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ijjoyce avatar image
ijjoyce asked

Why does SSIS convert my data after I import from a flat file?

I've got a fixed-width flat file I'm importing, and I've defined all the fields in the connection manager as DT_WSTR. On the connection in the data flow to the very next transform (which is a script transform in case that matters...), if I examine the metadata of the columns in the data flow path, SSIS shows some of the columns as DT_I8, DT_DATE, DT_STR, etc., even though they were specifically identified in the Flat File Import Connection Manager as DT_WSTR. In my last step, I'm trying to export various data flows to excel, and I get errors because of data type mismatches (various columns can't convert between Unicode and non-Unicode string types - the difference between the DT_WSTR columns and the DT_STR columns I presume). I don't have any data conversion transforms in the data flow, so I can only presume SSIS is converting data types for me along the way? Or do I have this wrong? If so, how do I prevent SSIS from converting the data?
ssisconversionimportflat-file
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Kevin Feasel avatar image
Kevin Feasel answered
Like @mrs-fatherjack said, SSIS can be a bit finicky about how it wants to interpret data, but there are ways around it. The Data Conversion and Derived Column transforms work (Data Conversion if you want to re-type in place and Derived Column if you want to create new columns), but there is another way in this case. If you right-click on the Flat File Source and go to Advanced Editor, you will see a treeview on the left-hand side. Open the Flat File Source Output option, and then Output Columns. For each column, you can change the DataType to DT_WSTR there, and the rest of the flow will have those columns interpreted as Unicode string types. This should work for your integer, decimal, and non-Unicode string types.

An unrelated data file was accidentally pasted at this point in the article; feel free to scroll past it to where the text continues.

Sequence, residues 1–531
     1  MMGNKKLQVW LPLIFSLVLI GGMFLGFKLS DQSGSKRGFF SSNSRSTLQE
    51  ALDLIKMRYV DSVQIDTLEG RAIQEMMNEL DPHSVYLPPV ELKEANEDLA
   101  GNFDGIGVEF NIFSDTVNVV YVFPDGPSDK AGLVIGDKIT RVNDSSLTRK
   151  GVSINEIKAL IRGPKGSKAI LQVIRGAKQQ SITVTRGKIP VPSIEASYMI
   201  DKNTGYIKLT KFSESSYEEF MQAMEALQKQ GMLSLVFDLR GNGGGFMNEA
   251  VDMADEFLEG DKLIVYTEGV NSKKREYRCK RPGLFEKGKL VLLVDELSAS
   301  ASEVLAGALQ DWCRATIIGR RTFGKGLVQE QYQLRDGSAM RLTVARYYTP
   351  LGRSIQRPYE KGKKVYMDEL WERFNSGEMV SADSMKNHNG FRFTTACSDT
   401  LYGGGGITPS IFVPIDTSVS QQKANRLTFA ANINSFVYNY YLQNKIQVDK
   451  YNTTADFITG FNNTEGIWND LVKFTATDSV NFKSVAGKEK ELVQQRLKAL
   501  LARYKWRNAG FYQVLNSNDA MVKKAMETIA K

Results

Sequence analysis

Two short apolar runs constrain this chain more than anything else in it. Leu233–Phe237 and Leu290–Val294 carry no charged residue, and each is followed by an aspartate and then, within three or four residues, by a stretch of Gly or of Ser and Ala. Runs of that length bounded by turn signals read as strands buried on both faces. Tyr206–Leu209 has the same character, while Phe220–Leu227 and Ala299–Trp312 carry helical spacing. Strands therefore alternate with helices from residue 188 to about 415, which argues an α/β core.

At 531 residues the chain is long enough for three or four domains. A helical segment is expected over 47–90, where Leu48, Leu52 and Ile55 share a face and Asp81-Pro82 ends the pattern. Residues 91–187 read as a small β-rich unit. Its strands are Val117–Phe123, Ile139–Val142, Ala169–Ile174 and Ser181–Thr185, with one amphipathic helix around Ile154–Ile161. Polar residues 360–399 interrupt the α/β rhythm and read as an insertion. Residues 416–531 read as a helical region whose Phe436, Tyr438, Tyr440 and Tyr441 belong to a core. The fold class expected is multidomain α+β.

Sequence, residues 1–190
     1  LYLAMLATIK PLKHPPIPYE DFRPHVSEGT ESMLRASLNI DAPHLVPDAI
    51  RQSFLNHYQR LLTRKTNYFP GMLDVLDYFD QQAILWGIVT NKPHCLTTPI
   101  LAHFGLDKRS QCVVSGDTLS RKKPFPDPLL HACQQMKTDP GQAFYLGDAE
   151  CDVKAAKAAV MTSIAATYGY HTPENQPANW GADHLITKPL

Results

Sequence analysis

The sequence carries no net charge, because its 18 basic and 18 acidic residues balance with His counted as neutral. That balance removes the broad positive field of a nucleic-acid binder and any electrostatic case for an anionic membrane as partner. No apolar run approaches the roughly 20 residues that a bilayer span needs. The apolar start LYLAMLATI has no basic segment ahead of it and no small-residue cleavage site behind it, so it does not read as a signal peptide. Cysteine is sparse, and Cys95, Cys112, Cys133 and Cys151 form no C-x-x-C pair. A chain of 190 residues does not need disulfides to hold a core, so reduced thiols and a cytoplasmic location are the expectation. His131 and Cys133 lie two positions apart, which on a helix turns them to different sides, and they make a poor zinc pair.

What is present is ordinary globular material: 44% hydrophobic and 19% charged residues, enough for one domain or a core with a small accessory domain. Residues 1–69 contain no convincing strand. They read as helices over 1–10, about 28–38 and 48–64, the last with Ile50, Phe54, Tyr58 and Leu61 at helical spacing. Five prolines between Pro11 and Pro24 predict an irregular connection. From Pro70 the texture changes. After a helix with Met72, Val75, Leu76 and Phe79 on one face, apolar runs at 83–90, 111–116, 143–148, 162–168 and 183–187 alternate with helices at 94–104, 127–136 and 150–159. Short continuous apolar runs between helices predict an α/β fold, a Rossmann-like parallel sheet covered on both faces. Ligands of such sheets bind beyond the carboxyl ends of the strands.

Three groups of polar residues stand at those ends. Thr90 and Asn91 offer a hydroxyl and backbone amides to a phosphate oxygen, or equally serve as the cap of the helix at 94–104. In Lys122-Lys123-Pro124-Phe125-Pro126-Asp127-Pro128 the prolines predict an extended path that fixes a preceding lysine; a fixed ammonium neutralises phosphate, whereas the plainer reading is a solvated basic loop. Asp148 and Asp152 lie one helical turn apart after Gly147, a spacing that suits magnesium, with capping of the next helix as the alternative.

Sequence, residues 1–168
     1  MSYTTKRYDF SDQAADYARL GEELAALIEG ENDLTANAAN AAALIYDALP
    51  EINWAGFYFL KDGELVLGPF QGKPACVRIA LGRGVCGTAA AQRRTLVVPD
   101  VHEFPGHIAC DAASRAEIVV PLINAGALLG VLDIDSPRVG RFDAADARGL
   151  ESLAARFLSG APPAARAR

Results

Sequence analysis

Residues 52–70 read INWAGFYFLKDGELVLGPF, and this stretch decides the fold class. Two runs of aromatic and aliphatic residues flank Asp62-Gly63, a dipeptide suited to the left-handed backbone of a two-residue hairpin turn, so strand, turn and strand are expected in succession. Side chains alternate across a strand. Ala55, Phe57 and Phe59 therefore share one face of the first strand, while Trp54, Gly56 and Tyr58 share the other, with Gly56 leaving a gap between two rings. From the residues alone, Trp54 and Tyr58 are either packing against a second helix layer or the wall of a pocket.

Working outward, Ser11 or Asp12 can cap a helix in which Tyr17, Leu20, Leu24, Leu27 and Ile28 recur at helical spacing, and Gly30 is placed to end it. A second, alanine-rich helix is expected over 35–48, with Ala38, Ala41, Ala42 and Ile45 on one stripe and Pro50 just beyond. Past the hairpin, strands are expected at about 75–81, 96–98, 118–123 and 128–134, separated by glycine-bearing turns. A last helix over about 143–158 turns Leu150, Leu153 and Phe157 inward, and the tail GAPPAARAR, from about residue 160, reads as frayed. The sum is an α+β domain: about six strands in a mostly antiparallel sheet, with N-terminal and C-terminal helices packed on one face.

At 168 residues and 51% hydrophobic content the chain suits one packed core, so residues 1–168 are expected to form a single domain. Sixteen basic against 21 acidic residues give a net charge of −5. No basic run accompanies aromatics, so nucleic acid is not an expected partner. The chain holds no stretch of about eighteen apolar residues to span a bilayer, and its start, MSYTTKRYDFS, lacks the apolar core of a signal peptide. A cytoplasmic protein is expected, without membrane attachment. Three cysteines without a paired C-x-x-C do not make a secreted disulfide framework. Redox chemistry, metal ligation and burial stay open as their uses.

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Mrs_Fatherjack avatar image
Mrs_Fatherjack answered
In my experience you can't stop SSIS from converting the data, what you can do however is convert it to what you want so that it exports in the correct format. You can do that by using the Data Conversion within the Data Flow pane.
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ijjoyce avatar image
ijjoyce answered
Thanks Kevin - The advanced editor did the job! I would have thought if you went through the trouble of defining all the data types in the "Advanced" panel of the Flat File Source (which it should be noted, I thought you were referring to at first), SSIS would use those data types throughout the flow! I find it a little redundant that they make you do it again using the "Advanced Editor" on the Flat File Source object in the Data Flow, but hey - as long as it works... The feedback from both is much appreciated!
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